thesisposted on 24.05.2021, 12:02 by Kimon Kaketsis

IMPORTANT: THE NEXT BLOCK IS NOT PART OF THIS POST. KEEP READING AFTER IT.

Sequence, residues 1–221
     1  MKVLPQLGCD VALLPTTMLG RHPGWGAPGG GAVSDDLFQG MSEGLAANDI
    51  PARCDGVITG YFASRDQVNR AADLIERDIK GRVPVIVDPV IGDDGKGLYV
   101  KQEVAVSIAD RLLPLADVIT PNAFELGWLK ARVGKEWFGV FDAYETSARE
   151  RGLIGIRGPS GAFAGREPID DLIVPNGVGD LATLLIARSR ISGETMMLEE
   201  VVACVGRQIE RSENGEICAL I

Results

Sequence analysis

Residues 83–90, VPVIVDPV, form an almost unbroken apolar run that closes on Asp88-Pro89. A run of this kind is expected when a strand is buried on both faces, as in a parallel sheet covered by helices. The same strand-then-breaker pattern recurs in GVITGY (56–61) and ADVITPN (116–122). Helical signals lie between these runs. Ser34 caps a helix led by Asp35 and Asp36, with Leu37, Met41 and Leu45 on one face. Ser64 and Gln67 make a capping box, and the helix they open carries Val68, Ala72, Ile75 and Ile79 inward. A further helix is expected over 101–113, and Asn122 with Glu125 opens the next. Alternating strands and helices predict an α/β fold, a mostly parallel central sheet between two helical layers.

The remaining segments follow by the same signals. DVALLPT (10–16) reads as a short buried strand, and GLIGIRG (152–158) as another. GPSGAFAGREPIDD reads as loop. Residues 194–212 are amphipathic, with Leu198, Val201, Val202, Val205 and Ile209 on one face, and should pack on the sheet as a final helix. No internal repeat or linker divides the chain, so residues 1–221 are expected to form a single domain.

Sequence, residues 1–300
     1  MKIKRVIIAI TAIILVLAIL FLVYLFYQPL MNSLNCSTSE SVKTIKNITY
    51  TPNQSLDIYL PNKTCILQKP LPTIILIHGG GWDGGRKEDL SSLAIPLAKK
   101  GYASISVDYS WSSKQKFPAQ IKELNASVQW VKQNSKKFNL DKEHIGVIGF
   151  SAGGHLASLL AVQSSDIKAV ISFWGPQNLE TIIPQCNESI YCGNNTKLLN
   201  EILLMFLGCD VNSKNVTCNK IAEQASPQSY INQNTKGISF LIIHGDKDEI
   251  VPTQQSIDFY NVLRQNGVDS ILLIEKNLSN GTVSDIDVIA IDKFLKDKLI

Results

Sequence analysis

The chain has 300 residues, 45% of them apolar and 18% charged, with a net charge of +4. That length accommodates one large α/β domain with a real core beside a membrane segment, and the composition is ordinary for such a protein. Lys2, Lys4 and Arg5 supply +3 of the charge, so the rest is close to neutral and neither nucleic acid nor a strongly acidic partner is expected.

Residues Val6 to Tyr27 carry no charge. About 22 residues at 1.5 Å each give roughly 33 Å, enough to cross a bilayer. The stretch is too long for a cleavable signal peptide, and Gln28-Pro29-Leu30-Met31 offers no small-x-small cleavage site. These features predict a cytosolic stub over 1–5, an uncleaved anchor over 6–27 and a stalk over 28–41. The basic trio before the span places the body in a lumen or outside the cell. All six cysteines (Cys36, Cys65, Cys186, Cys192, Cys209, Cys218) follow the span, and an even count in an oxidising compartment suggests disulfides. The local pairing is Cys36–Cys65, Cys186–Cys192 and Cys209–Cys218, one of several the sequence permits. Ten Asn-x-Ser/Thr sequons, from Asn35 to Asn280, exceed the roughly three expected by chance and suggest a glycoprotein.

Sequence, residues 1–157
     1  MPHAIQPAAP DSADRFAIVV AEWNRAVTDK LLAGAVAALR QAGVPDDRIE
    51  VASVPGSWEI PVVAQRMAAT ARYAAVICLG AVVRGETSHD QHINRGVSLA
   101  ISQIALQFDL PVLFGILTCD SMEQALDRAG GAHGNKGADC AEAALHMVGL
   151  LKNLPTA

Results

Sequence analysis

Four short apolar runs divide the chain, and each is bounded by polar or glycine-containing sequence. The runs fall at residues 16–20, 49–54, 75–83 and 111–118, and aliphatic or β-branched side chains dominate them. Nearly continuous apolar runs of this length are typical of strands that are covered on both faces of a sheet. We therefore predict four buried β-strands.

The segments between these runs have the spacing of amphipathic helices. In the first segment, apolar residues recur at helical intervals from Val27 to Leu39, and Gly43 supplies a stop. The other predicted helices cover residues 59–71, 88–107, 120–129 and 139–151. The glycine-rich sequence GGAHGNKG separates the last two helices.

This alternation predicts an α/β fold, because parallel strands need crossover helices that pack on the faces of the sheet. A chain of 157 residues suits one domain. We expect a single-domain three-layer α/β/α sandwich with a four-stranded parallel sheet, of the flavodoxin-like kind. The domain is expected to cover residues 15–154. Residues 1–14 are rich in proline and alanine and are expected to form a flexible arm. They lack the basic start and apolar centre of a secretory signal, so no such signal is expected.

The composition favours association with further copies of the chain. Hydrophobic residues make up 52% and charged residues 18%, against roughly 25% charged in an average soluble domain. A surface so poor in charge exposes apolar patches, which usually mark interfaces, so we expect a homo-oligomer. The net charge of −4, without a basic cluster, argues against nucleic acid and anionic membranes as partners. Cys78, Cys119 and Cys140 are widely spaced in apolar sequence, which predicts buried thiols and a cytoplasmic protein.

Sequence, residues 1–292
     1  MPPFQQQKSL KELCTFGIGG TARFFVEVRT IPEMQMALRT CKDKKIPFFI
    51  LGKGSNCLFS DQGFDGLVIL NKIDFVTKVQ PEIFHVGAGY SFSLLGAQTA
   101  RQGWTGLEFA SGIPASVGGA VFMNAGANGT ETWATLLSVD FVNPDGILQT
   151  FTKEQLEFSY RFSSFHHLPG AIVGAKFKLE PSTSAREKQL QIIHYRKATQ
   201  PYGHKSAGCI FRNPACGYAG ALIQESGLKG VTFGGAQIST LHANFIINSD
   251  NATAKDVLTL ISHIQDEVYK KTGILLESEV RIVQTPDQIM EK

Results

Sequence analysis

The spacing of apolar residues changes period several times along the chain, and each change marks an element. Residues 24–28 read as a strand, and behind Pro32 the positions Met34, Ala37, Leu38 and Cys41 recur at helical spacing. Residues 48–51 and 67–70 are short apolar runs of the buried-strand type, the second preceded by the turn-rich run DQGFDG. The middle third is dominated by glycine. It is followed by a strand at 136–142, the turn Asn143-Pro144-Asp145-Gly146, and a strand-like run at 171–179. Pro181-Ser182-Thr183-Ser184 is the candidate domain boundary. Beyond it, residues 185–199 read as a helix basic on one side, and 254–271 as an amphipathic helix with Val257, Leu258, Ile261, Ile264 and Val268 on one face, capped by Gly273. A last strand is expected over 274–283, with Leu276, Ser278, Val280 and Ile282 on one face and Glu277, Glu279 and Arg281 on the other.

By looking at the history of snapshot photography from the Kodak Brownie until today's iPhone, the qualities of digital snapshot photography will be measured against its analogue past. Through this critique, I will illustrate how highly valued cultural objects like the photographic print and the family album have been replaced by hypermediated transactions of images stored online via social networking websites. Specifically, I will explore why our contemporary society looks back to its past, and at the same time yearn for the future. Smart-phone developers tap into the niche market of this nostalgic trend and created, for example, the Hipstamatic application to give us images that capture moments that look unique, old, and most importantly, one-of-a-kind. The nostalgic qualities associated with analogue snapshot photography-aged prints, exposure flaws, soft focus, and light leaks-are mimicked by contemporary digital images, creating the illusion of historical uniqueness. Snapshot photography is about memory, time, ritual, and nostalgia; the digital is about hypermediated, immediate and constant social online photo posting. The snapshot photograph finds itself at an interesting point of transition, competing to be one step ahead of the newest technology and at the same time, imitating yesterdays technology by striving to look authentically as if from the past. The new and the old have become intermingled.